The activities at the site are closely related to ICIMOD’s central mandate to “…..help promote the development of an economically and environmentally sound mountain ecosystem and to improve the living standards of mountain populations in the Hindu Kush-Himalayas (HKH)……” (all or part of the eight countries Afghanistan, Bangladesh, Bhutan, China, India, Myanmar, Nepal, and Pakistan).
The site provides a practical pendant to the often more theoretical activities of the Centre – a place where different technologies and farming and other practices useful for sustainable development can be tested, selected, and demonstrated; where farmers and those who work with them can be trained; and which can serve as a repository for plant germplasm resources and associated floral and faunal biodiversity. The activities help underpin ICIMOD’s focus on the two major issues challenging the region: the reduction of poverty and the conservation of the natural resource base.
At the time it was handed over, a large part of the site was heavily degraded and the initial activities focused on the rehabilitation of degraded land systems. Since then, a considerable part of the degraded forest and shrubland has been gradually restored to semi-natural forest. Selected slopes have been converted to crop-bearing terrace land using contour hedgerows of nitrogen-fixing plants; orchards of different types of fruit trees have been established; demonstration sites for various agricultural technologies, income generating activities, and water harvesting techniques have been set up. Demonstration models of various renewable energy technologies have been introduced in collaboration with local NGOs; a wetlands development site has been established; and a training centre has been built. The number of approaches being tested and demonstrated has increased over time, with the aim of covering all the different aspects involved in a genuinely integrated approach to mountain development and agriculture. The most recent development has been a renewed focus on community outreach, with off-site demonstration and training activities in the communities of the Phulchowki watershed in collaboration with a partner NGO.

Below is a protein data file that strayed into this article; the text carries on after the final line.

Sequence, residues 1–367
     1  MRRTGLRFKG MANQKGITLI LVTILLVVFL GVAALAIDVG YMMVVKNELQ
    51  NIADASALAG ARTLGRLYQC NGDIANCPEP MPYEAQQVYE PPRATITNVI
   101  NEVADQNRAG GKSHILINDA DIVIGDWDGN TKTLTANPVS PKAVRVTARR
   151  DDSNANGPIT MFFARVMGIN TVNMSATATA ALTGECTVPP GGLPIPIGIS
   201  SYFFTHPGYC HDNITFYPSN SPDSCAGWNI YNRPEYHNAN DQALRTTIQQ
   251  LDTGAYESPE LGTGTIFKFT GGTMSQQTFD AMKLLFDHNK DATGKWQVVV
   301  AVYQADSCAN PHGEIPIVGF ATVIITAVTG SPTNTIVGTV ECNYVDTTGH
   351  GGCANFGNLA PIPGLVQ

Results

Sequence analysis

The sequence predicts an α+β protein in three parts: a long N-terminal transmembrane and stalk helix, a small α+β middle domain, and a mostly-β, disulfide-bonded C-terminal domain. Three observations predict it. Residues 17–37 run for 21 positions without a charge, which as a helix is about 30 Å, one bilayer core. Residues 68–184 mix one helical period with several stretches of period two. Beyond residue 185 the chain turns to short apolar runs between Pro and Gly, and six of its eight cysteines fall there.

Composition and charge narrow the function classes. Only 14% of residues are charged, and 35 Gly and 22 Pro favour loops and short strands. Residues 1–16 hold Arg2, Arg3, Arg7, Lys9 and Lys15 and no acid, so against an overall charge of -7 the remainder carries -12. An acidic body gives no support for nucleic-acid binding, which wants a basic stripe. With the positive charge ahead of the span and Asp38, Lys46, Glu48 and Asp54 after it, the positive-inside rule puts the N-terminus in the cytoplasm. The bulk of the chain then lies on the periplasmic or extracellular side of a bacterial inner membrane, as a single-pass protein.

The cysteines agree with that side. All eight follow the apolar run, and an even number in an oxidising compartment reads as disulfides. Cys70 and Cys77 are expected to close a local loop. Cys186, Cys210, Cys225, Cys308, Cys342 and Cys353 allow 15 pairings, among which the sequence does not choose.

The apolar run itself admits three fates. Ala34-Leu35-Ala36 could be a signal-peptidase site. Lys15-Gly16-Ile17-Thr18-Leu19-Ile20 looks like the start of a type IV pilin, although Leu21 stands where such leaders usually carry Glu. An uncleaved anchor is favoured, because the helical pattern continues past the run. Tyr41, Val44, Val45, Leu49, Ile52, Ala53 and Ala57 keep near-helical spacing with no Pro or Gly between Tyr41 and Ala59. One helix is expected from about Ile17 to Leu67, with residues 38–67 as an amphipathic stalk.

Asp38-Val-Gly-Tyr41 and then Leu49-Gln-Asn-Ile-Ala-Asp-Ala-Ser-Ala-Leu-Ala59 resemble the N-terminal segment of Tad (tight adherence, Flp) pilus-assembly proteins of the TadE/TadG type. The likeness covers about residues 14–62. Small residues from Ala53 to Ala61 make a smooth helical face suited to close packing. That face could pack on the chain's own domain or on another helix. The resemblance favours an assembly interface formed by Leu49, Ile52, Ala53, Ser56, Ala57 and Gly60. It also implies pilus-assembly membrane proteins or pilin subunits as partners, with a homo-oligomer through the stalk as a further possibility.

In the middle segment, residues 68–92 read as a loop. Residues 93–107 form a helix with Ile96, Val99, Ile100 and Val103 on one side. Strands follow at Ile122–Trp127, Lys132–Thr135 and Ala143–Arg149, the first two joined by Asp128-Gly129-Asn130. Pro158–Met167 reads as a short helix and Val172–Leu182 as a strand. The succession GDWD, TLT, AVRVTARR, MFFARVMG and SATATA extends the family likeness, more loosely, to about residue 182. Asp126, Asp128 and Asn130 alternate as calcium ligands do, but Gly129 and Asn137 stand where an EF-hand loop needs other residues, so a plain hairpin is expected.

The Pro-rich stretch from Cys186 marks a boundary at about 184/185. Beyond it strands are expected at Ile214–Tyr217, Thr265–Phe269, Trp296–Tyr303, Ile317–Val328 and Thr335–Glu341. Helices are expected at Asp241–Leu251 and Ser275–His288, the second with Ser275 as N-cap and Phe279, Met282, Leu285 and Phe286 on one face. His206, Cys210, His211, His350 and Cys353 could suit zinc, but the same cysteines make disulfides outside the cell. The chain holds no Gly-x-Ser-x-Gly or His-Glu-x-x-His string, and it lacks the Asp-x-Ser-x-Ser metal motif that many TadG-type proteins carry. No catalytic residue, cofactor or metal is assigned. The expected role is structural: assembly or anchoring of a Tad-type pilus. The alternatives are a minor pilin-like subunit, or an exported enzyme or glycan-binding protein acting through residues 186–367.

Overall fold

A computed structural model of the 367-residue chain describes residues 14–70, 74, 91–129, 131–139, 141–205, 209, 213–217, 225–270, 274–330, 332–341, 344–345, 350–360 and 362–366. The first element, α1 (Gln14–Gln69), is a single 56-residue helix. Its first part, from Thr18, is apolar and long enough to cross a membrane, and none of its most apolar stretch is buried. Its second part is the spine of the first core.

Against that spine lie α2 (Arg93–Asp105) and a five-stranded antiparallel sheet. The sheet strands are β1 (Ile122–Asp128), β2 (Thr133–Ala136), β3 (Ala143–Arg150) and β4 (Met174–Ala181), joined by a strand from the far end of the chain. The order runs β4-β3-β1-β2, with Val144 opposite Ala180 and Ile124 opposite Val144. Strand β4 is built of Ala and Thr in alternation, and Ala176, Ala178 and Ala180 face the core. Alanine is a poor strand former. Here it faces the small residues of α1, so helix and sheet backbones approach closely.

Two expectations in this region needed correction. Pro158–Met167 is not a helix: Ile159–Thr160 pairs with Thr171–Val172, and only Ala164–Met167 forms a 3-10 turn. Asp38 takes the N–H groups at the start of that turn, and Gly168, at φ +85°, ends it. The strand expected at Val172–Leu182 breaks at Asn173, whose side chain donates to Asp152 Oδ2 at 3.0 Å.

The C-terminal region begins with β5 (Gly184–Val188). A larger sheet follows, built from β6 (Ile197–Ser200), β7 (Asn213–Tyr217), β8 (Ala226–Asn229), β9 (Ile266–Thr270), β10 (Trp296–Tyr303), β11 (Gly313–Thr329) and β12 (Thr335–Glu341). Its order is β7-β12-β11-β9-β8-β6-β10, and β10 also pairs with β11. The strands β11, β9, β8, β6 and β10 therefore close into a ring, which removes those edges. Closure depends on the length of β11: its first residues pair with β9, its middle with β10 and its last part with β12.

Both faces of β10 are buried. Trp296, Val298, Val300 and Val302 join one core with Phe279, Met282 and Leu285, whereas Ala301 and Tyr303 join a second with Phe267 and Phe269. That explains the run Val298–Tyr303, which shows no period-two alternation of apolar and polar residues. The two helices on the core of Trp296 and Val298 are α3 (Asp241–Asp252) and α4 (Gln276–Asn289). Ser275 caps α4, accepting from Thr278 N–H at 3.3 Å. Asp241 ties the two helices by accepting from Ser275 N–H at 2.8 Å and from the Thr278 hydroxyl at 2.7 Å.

All plants are grown under organic conditions, that is without inputs of inorganic fertiliser or pesticides. Thus the test results reflect the results that could be obtained by the mostly poor farmers in remote areas of the Hindu Kush-Himalayas who have little access to and cannot afford commercial agricultural inputs.